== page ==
We are all our own network administrators.
When I mentioned to a friend a while back that my latest editorial project was on "networking," there was a little half-beat pause in the conversation.
"Networking? Do you mean with people? Or computers?"
It was an utterly reasonable question.
We have a friend in common who is a well-known expert in social networking, and she's been into it way before Facebook. She coaches people in the techniques of "working a room," reading name tags, shaking hands, trading business cards.
(And yes, all you good people to whom I owe answers on LinkedIn and Facebook and whatever that other one was that I signed up for and really haven't gotten the hang of yet: I know you're out there. I do promise to get back to you!)
On the other hand, our networking is often digital in this age of technological self-reliance, when computer technology is supposedly within the grasp of us all.
At home we have to make sure that our computers talk to our routers and all the other gizmos they need to; away from home, we fret about "connectivity," whether at a coffee shop or other public place.
We're all, it seems, necessarily into both kinds of networking nowadays.
But the book in question, just to end the suspense, is on computer networking. And as I've worked on it, I've been reminded what a rich source of metaphor geekspeak is for situations in our "real," rather than virtual, lives.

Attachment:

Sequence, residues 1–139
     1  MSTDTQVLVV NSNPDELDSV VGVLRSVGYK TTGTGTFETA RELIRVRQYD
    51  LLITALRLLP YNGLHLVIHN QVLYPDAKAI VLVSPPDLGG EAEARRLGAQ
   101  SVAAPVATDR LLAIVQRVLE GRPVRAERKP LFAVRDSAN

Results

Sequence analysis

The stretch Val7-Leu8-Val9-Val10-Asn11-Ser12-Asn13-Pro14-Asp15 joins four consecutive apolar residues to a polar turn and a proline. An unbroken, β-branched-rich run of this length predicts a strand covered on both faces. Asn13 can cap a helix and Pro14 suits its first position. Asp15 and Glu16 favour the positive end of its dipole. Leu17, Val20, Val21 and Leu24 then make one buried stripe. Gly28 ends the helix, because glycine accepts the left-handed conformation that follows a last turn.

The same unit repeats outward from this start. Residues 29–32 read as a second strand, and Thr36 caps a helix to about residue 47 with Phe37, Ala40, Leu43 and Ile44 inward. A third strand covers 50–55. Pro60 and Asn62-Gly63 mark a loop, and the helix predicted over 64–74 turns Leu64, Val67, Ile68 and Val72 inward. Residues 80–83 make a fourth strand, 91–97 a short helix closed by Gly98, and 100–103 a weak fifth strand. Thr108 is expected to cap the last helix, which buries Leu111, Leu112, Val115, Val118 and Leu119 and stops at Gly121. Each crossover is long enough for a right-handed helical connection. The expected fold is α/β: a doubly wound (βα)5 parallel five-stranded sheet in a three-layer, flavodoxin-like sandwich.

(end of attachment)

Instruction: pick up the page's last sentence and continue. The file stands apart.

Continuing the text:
For a start, there's "bandwidth." It's used broadly as a metaphor for capacity in a general sense: "Do you have the bandwidth to get to that this afternoon?" But more specifically, it's a great metaphor for the breadth and capacity of a channel between two people. Sometimes the two work together: "That message was too important to send by e-mail."
"Open shortest path first" sounds like a good life lesson, if not an actual law of physics, but capitalized – Open Shortest Path First – it turns out to be the formal name of a networking protocol.
I was amused to learn about the "Hot Standby Routing Protocol." It's "designed specifically," my author writes, "to support and provide network resilience" – to help a message cut a path through to its destination even if some of the network links are broken. But I can imagine a "hot standby" being a reference to that cute new guy you'd like to go to the dance with if you can get the message to him that your usual date is out of town that weekend.
Another term from the book that drew a chortle was "optimistic transmission," in which "the transmitting node assumes its transmissions will all be successful."
The idea that a mere gizmo can be optimistic is intriguing: Does hope spring eternal within microchips as well as human hearts?
And now that I'm onto the concept, I want to apply it to real life: If I try to convey a carefully framed constructive criticism and hope it will be received in the spirit in which it is given, is that an example of optimistic transmission?
"Global Load Balancing Protocol" sounds like an overstressed multitasker's fantasy come true. I don't really know what it means for a computer network. I don't need to know. I just love the name.